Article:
Footing the bill for a truly happy holidays

Happy holidays! Here’s hoping you survive them!

If you’re looking for a time of year that’s hardest on your body, you’d be hard-pressed to beat the one that kicked off with pants-unbuckling Thanksgiving and ends with a cold pack on your head New Year’s Day. Think about the damage alone done by the one-two punch of Thanksgiving and Black Friday.

Thanksgiving: overeating. Estimates place the typical holiday meal at 3,000-plus calories, or closing in on twice the recommended daily calorie intake for the average person. And that’s just for the main meal; in the case of Thanksgiving you can nearly double that amount if you throw in the follow-up leftover meals that will be consumed by day’s end.

Black Friday: stress. First, there’s the business of consuming nearly 6,000 calories on Thanksgiving, then heading out at midnight to elbow your way to the $2 waffle irons table. Add to that your wacko fellow shoppers — a female shopper at a California Walmart used pepper spray to keep her competitors at bay — and you’ve pretty much taken 10 years off your life with those two days alone. And the bulk of the holiday season remains.

You want a truly happy holidays, or at least a holiday season that won’t do you in? Then you need to do something that helps you deal with both overeating and stress. Lucky for you that some thing is one thing:

Going for a walk.

Walking is the nation’s most popular form of exercise. According to the National Sporting Goods Association, 95.8 million Americans walked for exercise in 2010 (exercising with equipment was a distant second, with 55.3 million participants). There’s good reason for this: most people can walk, it doesn’t require special equipment, you can do it spontaneously, out your front door, so it can be done quickly.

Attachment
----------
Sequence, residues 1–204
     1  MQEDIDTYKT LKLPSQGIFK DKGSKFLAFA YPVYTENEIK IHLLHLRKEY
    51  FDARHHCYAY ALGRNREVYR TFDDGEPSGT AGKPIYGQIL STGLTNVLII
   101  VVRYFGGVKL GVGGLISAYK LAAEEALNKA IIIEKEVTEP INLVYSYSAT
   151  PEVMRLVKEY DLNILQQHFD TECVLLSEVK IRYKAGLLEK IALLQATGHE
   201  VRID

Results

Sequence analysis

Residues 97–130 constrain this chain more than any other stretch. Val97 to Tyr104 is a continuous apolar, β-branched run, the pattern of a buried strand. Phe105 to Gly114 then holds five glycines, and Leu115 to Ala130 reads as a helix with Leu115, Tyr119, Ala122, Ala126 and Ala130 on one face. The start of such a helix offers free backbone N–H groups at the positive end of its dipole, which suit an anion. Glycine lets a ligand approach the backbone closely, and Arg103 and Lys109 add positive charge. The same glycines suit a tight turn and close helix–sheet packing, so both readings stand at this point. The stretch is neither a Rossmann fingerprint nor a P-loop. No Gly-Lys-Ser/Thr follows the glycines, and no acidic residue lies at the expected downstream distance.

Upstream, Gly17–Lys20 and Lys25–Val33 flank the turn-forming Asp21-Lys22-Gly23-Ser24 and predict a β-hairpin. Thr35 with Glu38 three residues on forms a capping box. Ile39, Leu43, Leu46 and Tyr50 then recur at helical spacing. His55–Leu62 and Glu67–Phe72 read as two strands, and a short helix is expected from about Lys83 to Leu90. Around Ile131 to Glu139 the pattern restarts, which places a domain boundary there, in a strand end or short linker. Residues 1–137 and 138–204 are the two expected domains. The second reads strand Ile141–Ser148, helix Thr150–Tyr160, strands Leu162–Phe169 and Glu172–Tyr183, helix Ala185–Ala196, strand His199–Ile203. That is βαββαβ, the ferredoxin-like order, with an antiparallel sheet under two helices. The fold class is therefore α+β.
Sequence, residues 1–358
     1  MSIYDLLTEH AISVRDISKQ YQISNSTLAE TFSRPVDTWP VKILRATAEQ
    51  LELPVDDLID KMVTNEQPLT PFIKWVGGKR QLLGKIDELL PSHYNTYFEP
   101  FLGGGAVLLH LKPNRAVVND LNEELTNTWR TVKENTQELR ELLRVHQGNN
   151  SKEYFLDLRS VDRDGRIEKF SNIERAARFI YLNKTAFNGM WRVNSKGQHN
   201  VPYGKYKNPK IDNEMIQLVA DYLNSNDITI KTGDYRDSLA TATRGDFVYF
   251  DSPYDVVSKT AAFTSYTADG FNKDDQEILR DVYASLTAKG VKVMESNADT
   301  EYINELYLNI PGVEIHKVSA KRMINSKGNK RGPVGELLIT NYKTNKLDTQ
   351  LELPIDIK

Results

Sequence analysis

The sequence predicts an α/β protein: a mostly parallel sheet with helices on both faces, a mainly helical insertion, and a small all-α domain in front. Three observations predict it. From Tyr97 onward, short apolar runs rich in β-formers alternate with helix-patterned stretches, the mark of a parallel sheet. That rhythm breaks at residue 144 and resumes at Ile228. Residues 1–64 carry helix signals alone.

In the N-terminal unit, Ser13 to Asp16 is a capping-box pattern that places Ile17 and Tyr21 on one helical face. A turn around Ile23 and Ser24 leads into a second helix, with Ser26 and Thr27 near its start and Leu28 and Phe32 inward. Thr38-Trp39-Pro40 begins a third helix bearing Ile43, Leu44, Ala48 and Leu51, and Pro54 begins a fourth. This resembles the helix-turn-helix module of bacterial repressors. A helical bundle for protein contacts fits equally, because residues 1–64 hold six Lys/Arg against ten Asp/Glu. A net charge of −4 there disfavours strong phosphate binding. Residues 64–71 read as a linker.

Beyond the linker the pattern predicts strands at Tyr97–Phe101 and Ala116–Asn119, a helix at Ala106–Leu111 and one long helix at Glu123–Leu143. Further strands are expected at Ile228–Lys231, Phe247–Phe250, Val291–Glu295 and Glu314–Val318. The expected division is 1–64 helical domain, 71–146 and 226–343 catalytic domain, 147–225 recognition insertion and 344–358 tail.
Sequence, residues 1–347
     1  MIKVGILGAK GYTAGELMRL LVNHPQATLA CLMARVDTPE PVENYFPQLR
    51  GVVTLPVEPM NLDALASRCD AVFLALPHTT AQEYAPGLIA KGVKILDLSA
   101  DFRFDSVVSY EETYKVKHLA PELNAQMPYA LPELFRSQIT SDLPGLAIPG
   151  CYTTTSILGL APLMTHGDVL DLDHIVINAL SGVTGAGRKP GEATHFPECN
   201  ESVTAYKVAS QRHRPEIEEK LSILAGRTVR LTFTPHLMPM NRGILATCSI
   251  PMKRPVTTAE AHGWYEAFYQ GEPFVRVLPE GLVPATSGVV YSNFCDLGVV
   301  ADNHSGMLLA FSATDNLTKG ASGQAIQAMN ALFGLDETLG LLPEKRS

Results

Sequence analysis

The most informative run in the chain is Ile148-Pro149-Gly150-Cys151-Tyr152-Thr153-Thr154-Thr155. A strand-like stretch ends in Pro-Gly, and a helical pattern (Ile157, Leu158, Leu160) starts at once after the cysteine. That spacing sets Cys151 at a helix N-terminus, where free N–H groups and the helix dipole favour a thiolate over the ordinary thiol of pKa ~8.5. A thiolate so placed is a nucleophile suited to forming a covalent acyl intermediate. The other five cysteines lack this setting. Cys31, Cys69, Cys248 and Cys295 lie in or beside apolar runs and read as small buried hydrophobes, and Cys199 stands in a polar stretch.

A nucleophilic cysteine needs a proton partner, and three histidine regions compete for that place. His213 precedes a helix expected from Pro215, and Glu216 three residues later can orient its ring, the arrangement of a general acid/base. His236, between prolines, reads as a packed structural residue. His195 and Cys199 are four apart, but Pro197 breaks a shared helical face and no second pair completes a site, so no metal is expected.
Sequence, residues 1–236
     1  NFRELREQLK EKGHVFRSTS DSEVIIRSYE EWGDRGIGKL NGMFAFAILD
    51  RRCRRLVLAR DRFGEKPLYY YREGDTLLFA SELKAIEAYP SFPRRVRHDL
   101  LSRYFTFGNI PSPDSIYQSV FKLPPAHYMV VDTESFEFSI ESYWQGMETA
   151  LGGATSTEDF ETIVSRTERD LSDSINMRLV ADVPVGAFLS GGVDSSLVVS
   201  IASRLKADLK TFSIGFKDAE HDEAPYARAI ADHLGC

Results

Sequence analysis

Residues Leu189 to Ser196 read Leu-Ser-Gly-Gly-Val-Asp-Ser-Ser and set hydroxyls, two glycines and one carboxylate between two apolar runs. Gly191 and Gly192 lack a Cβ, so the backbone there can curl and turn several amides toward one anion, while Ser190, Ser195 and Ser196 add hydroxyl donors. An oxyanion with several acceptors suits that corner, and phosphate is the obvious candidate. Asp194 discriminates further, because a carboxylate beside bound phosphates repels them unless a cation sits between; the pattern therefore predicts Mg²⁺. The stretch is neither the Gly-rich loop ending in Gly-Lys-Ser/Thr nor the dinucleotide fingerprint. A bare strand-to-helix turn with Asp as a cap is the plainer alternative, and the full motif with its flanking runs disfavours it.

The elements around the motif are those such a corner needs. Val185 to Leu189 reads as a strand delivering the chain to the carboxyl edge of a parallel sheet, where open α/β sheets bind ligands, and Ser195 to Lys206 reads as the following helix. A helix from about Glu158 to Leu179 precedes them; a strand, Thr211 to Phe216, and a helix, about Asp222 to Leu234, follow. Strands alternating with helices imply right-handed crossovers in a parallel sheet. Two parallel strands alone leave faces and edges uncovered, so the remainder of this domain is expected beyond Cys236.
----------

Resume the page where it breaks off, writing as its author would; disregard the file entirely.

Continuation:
There’s more reasons to walk. According to the Mayo Clinic, walking can:

  • Lower low-density lipoprotein (LDL) cholesterol (the “bad” cholesterol)
  • Raise high-density lipoprotein (HDL) cholesterol (the “good” cholesterol)
  • Lower your blood pressure
  • Reduce your risk of or manage type 2 diabetes
  • Manage your weight
  • Improve your mood
  • Keep you strong and fit

Walking isn’t a magic bullet. It won’t completely diffuse the stress of the holidays; but it will take the edges off and make the season more manageable. And it won’t exactly act as a cross to that batch of Christmas fudge your vampire coworkers bring in, but it will help in keeping the damage to a minimum. And, truly, a half hour at lunch, after work or at some point during the day can make a huge difference.

That said, are you ready to commit to a daily walk? And if not daily, then what is a realistic goal? Take our survey and we’ll report back in a week or so with the results. And take a minute to tell us your favorite place to walk. It could serve as inspiration to others.

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[highlight]Survey says: Are you ready to commit to walking daily through the holidays? If not, then how many times, realistically, do you think you can vow to hit the trail? Take our survey and let us know. Click here to take survey [/highlight]

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